Eyjafjallajoekull's Effect on the Jet Fuel Market

Eyjafjallajoekull's Effect on the Jet Fuel Market
What did the worst disruption to European aviation since World War II mean for the jet fuel market?

The widely dispersed ash plume emanating from Iceland's Eyjafjallajoekull volcano brought much of Europe's commercial air traffic to a standstill. According to the International Air Transport Association (IATA), the ban on flights caused by the abrasive dust particle-laden cloud affected up to 1.2 million passengers a day and 29% of global aviation.

What did the worst disruption to European aviation since World War II mean for the jet fuel market?

"With aircraft not flying Europe has quickly become oversupplied with jet fuel," Simon Thorne, Platts Managing Editor of Oil, EMEA (Europe, Middle East, Africa), said last Thursday. "Suppliers are working hard with airlines to find homes for oil that should by rights have been consumed by now."

Thorne noted that between 90,000 and 150,000 metric tons of jet fuel are consumed on a given day in Europe; variables affecting consumption include the day of the week and time of year. He said that the crisis eliminated an estimated 550,000 tons – roughly 4.4 million barrels -- of jet fuel consumption. The eruption effectively destroyed 1.5% of global jet fuel demand.

The eruption effectively destroyed 1.5% of global jet fuel demand.

"The majority of excess jet fuel has rather been placed in floating storage awaiting ultimate discharge once the crisis passes and demand resumes," continued Thorne. "Neither of the options above will necessarily make money for a supplier, indeed losses may be incurred. But, that all being said, many suppliers are prepared to face some losses for the sake of their relationship with the airline."

Ultimately, jet fuel demand should be restored in relatively short order. A longer-term issue for airlines, however, has been the greater share of operating expenses they have devoted to buying fuel. Fuel cost is widely regarded as the largest single expense for an airline. As the graph below shows, that expense has effectively doubled within the past decade.


According to the IATA, fuel represented 13% of the expenses incurred by global commercial airlines in 2001. That figure reached 33% in 2008 amid a period of unprecedented oil prices, and it has since hovered in the mid-20s. The IATA has estimated a 24% fuel cost figure for 2009. The organization has forecast that it will creep up to 26% this year. In the case of Europe, airline fuel costs have followed the global trend. In fact, as the pie charts below illustrate, fuel cost is the only expense that increased for European airlines from 2001 through 2008.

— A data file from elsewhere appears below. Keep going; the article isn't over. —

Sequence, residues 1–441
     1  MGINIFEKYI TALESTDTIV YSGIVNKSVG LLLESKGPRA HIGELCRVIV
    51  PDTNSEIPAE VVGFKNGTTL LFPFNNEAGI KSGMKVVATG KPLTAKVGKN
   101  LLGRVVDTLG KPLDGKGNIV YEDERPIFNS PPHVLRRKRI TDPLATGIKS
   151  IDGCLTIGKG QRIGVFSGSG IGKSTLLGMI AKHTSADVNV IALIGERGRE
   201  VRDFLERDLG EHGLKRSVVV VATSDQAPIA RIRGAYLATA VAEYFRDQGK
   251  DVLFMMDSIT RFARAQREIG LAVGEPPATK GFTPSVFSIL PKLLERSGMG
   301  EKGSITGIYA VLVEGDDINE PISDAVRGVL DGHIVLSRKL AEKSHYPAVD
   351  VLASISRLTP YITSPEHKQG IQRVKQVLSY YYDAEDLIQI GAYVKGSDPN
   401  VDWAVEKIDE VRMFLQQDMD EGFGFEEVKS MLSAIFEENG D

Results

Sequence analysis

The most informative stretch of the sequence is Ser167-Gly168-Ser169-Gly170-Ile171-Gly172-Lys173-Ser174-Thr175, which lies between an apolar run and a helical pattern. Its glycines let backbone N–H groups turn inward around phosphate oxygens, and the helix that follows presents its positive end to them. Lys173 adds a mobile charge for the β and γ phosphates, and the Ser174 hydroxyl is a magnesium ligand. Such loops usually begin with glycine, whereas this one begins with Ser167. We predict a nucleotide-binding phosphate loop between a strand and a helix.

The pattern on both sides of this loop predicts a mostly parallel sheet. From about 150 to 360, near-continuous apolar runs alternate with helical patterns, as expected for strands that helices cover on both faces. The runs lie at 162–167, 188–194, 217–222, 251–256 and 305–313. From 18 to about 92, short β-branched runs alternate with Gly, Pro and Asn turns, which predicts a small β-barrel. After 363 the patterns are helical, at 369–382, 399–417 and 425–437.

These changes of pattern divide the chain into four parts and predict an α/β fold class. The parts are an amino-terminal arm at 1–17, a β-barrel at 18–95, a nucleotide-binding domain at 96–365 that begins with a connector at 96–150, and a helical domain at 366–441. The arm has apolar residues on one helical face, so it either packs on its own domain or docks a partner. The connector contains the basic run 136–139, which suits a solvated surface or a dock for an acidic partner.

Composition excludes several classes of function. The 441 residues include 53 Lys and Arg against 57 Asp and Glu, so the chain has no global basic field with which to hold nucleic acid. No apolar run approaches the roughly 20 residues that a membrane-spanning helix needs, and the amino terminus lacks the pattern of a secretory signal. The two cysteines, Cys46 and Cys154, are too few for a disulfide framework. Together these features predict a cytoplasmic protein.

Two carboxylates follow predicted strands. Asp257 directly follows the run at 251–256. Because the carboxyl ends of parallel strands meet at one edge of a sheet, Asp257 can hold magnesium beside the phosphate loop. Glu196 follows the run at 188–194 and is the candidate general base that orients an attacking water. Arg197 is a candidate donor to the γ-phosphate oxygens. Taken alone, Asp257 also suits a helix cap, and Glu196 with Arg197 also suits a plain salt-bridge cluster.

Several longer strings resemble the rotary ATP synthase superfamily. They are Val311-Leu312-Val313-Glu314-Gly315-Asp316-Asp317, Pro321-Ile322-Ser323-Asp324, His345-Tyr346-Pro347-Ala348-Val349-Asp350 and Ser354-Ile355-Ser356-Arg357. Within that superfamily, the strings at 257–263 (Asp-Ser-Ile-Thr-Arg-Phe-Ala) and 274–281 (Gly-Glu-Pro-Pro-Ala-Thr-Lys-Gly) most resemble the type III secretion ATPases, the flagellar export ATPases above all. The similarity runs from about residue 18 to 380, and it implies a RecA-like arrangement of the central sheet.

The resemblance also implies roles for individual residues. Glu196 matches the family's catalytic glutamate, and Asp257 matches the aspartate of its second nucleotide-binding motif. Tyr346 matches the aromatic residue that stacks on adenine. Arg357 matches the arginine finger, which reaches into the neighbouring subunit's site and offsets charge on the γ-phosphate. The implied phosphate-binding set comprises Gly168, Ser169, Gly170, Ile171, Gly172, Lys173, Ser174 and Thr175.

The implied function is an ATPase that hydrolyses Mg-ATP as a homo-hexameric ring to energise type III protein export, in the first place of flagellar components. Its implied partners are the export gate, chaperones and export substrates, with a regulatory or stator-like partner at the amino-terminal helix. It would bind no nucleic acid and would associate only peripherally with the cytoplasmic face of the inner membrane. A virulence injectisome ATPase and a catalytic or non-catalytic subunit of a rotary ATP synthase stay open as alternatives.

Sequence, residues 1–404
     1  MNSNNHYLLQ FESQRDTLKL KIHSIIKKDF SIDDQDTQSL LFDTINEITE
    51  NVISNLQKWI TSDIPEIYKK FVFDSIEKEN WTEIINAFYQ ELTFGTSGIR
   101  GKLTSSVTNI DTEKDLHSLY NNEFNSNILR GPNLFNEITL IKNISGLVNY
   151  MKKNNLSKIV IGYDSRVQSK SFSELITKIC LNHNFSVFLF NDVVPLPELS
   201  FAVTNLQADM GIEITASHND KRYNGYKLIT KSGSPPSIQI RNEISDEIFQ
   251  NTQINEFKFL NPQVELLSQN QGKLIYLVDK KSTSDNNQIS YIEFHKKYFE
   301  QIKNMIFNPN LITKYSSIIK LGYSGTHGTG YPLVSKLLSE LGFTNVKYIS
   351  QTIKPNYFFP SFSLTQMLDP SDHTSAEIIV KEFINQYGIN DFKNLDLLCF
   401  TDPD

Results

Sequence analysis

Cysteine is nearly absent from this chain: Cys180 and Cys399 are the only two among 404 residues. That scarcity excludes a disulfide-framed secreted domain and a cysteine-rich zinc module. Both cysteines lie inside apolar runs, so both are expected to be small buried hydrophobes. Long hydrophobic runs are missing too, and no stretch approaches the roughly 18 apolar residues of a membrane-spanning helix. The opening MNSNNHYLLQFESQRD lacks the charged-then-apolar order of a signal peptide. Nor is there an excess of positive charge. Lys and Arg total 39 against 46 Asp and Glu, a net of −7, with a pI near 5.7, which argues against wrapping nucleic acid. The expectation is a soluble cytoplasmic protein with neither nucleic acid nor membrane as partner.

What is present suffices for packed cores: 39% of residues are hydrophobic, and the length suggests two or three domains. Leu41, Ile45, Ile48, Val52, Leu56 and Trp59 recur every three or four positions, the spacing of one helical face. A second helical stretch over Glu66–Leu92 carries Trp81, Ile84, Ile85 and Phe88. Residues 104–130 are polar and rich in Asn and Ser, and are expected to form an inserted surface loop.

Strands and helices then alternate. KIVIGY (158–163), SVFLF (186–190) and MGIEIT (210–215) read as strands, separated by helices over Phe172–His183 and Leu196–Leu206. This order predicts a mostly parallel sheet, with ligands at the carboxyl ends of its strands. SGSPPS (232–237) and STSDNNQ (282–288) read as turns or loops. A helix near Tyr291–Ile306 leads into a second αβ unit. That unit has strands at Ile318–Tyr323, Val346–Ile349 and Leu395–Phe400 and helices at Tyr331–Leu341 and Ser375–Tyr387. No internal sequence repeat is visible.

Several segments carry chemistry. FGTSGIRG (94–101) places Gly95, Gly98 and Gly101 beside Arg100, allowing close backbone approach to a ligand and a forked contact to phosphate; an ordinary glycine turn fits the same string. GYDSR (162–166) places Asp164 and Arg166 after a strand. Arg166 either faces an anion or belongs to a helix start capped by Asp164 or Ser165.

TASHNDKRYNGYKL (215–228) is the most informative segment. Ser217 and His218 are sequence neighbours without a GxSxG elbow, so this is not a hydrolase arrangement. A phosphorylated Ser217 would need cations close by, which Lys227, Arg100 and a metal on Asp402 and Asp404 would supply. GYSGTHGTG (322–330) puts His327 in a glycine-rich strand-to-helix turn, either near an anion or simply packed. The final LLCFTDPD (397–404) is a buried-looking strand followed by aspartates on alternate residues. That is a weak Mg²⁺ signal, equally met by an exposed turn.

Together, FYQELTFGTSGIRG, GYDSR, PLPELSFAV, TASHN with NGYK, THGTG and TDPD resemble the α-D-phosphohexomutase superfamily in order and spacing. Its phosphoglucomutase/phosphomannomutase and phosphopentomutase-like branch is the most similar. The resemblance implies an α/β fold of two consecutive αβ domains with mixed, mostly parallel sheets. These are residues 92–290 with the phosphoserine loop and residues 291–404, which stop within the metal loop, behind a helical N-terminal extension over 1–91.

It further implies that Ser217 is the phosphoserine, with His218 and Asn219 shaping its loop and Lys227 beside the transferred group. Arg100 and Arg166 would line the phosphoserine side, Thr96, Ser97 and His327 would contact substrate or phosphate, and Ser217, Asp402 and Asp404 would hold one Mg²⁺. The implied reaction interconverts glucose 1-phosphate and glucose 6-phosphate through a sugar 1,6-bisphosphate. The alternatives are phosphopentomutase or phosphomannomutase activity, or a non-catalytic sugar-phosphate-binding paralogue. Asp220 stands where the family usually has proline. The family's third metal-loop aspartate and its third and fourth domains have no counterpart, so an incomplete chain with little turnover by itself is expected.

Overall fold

At its height, the crisis from the volcanic eruption caused the cancellation of eight out of every 10 flights in Europe. On Sunday, April 18, there were only 5,204 actual flights as reported by The European Organisation for the Safety of Air Navigation (EUROCONTROL). In contrast, there were 24,965 flights the previous Sunday. The graph below compares the number of daily flights in Europe from April 14, the date of the eruption, through April 23 with the number of flights on the respective weekday of the preceding week.


According to IATA, the situation cost the airline industry more than $1.7 billion in lost revenue over a six-day period. The Association of European Airlines (AEA) reported that Revenue Passenger km (RPK) – a measure of an airline's passenger traffic – declined by 32.6% the week of April 12-18 as airlines were forced to cancel thousands of flights. In contrast, during the week before the eruption, RPK increased by 2% from the previous week. In addition, AEA noted that Available Seat km (ASK) -- a measure of an airline flight's passenger capacity -- fell 34.7% from April 5-11 to the following week.

EUROCONTROL reported last Thursday that air traffic across Europe had returned to normal levels and that nearly all European airspace had become available.